We need to hear from these top officials. We need to have these
officials come to the U.S. Senate, to a committee of the whole, to tell
us their story and answer these questions about what they have just
done to violate the integrity of the Department of Justice.
We need to have a special prosecutor. We know the head of the FBI,
when we have one again, is not going to be able to conduct a robust
investigation. Therefore, we need a special prosecutor to get to the
bottom of this. The American people deserve no less. The restoration of
integrity of the U.S. Government deserves no less.
Lady Justice carries scales in her hands, and where is the blindfold?
The whole point is that no one in America is above the law, no one--not
Presidents or Vice Presidents, not AGs or Deputy AGs. Lady Justice is
all about getting the facts, following the facts where they go, holding
individuals accountable, when we get those facts, when we get that
That is what we need to do now. We need to get to the bottom of this.
We need to have that special prosecutor. We need to make sure that if
anyone did conspire with the Russians, they are held to the full
account of the law because conspiring with a foreign country to
undermine the integrity of U.S. elections is treasonous conduct. This
is not a traffic ticket. This is a question of treasonous--conspiring
with a foreign government, undermining the U.S. Presidential election.
I am deeply disturbed about this turn of events. I am deeply
disturbed about the information we have. We need to get the full, full
story, the complete story, and make sure justice is served.
Thank you, Mr. President.
The PRESIDING OFFICER. The Senator from Idaho.
Mr. RISCH. Mr. President, I ask unanimous consent that following the
remarks of Senator Murphy, there be 20 minutes of postcloture time
remaining on the Lighthizer nomination, equally divided between the
chairman and ranking member of the Finance Committee; that following
the use or yielding back of that time, the Senate vote on the
Lighthizer nomination; and that, if confirmed, the motion to reconsider
be considered made and laid upon the table, and the President be
immediately notified of the Senate's action.
The PRESIDING OFFICER. Is there objection?
Without objection, it is so ordered.
Mr. RISCH. I yield the floor.
The PRESIDING OFFICER. The Senator from Connecticut.
Mr. MURPHY. Mr. President, I thank Senator Merkley for his remarks
this week, as this body has been rightly focused on the firing of James
and the imagined rationale that the President gave.
Mr. President, secret meetings have been happening amongst our
Republican colleagues to draft a healthcare bill that could have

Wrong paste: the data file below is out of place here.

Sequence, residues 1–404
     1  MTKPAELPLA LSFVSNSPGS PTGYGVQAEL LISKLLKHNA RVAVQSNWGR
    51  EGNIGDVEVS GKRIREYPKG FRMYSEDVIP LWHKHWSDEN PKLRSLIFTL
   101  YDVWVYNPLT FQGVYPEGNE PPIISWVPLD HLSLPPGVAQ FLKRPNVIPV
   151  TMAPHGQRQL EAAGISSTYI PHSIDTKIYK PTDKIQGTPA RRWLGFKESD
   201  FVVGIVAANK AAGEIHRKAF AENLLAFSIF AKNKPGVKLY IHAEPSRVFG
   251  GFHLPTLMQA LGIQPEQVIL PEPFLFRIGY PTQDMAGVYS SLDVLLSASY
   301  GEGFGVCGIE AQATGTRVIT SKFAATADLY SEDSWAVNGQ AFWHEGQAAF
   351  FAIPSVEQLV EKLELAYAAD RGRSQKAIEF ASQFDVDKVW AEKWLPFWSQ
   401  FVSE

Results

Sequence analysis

devastating consequences on the people we all represent. I know we are
about to have a vote on the floor, but I wanted to come to the floor to
simply remind all of my friends on both sides of the aisle of the
promises that have been made about this process and this piece of
legislation which emerged from the House last week with devastating
consequences. Those consequences include 24 million people losing
coverage and people with preexisting conditions being subjected to
$200,000 premium increases, potentially.
I just reference the words of the President of the United States, who
told us repeatedly over and over again, during the campaign and after
the campaign, that the result of this healthcare reform debate was
going to be a healthcare system that was better. President Trump
outlined that in a number of different ways.
Here is what he said on April 30, just a few weeks ago. He said:
The healthcare plan is on its way. Will have much lower
premiums & deductibles, while at the same time taking care of
That is not true. That is a lie. The healthcare bill that emerged
from the House of Representatives did none of those things.
CBO has not come out with its final estimate. It is unbelievable that
the House voted on a reordering of one-sixth of the American economy
without a CBO estimate, but we can pretty much be sure that the first
CBO estimate will hold, in that it will say that premiums are going to
go up by 15 to 20 percent immediately for everybody, and then for the
nonyoung healthy and wealthy, premiums are going to go up even higher.
It didn't take care of preexisting conditions. It did the opposite--
allowed every State to be able to walk away from the protection of the
Affordable Care Act, which makes sure people with preexisting
conditions, which could be one-third of all Americans, can't be subject
to higher rates, and it substituted that requirement with a high-risk
pool which is dramatically underfunded to the point that it is
laughable, in the opinion of many healthcare economists.
Here is what Donald Trump said earlier this year:
We're going to have insurance for everybody. People covered
under the law can expect to have great healthcare. . . . Much